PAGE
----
The following is an example of the wrong way to do nesting:

The tags have to open and close in a way that they are inside or outside one another . With the kind of overlap in the example above, the browser has to guess at your intent. This kind of guessing can result in unexpected results.

Void elements

Not all elements follow the pattern of an opening tag, content, and a closing tag. Some elements consist of a single tag, which is typically used to insert/embed something in the document. Such elements are called void elements . For example, the <img> element embeds an image file onto a page:

This would output the following:

Note: In HTML, there is no requirement to add a / at the end of a void element's tag, for example: <img src="images/cat.jpg" alt="cat" /> . However, it is also a valid syntax, and you may do this when you want your HTML to be valid XML.

Elements can also have attributes. Attributes look like this:

paragraph tag with 'class="editor-note"' attribute emphasized

Attributes contain extra information about the element that won't appear in the content. In this example, the class attribute is an identifying name used to target the element with style information.

An attribute should have:

  • A space between it and the element name. (For an element with more than one attribute, the attributes should be separated by spaces too.)
  • The attribute name, followed by an equal sign.
  • An attribute value, wrapped with opening and closing quote marks.

Active learning: Adding attributes to an element

Another example of an element is <a> . This stands for anchor . An anchor can make the text it encloses into a hyperlink. Anchors can take a number of attributes, but several are as follows:

This attribute's value specifies the web address for the link. For example: href="https://www.mozilla.org/" .

The title attribute specifies extra information about the link, such as a description of the page that is being linked to. For example, title="The Mozilla homepage" . This appears as a tooltip when a cursor hovers over the element.

The target attribute specifies the browsing context used to display the link. For example, target="_blank" will display the link in a new tab. If you want to display the linked content in the current tab, just omit this attribute.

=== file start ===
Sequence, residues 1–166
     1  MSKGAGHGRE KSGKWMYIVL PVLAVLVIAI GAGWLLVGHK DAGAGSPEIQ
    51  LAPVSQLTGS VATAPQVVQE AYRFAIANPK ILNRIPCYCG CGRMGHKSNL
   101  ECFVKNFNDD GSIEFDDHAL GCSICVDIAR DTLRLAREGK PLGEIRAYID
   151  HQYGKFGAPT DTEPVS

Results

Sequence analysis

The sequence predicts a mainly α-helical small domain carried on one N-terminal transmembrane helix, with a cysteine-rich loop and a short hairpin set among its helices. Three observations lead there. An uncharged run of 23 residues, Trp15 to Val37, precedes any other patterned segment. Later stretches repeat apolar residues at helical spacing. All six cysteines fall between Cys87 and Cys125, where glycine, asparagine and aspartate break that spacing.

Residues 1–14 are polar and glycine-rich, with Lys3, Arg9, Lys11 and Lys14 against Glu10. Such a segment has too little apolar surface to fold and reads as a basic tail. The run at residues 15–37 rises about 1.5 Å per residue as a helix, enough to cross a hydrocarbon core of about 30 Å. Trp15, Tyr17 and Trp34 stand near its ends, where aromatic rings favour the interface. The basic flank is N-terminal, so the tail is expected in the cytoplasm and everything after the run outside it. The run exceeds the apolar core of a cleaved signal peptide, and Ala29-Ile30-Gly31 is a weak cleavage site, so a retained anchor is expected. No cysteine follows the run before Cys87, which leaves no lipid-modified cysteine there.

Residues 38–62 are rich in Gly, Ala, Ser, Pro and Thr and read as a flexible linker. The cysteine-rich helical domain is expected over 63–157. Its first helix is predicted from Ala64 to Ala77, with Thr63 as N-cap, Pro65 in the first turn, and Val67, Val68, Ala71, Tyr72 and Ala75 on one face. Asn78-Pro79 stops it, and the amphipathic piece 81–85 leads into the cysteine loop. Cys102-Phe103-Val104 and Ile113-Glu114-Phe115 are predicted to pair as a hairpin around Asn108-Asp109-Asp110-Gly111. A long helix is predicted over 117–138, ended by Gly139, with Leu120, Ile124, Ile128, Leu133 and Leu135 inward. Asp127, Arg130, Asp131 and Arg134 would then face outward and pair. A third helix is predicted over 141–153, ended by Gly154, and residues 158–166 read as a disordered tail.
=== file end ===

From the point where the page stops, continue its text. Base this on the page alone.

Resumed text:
Edit the line below in the Input area to turn it into a link to your favorite website.

  • Add the <a> element.
  • Add the href attribute and the title attribute.
  • Specify the target attribute to open the link in the new tab.

You will be able to see your changes live in the Output area. You should see a link—that when hovered over—displays the value of the title attribute and, when clicked, opens a new tab and navigates to the web address in the href attribute. Remember that you need to include a space between the element name and between each attribute.

If you make a mistake, you can always reset it using the Reset button. If you get really stuck, press the Show solution button to see the answer.

Boolean attributes

Sometimes you will see attributes written without values. This is entirely acceptable. These are called Boolean attributes. Boolean attributes can only have one value, which is generally the same as the attribute name. For example, consider the disabled attribute, which you can assign to form input elements. (You use this to disable the form input elements so the user can't make entries. The disabled elements typically have a grayed-out appearance.) For example:

As shorthand, it is acceptable to write this as follows:

For reference, the example above also includes a non-disabled form input element. The HTML from the example above produces this result:

Omitting quotes around attribute values

If you look at code for a lot of other sites, you might come across a number of strange markup styles, including attribute values without quotes. This is permitted in certain circumstances, but it can also break your markup in other circumstances. For example, if we revisit our link example from earlier, we could write a basic version with only the href attribute, like this:

However, as soon as we add the title attribute in this way, there are problems:

As written above, the browser misinterprets the markup, mistaking the title attribute for three attributes: a title attribute with the value The , and two Boolean attributes, Mozilla and homepage . Obviously, this is not intended! It will cause errors or unexpected behavior, as you can see in the live example below. Try hovering over the link to view the title text!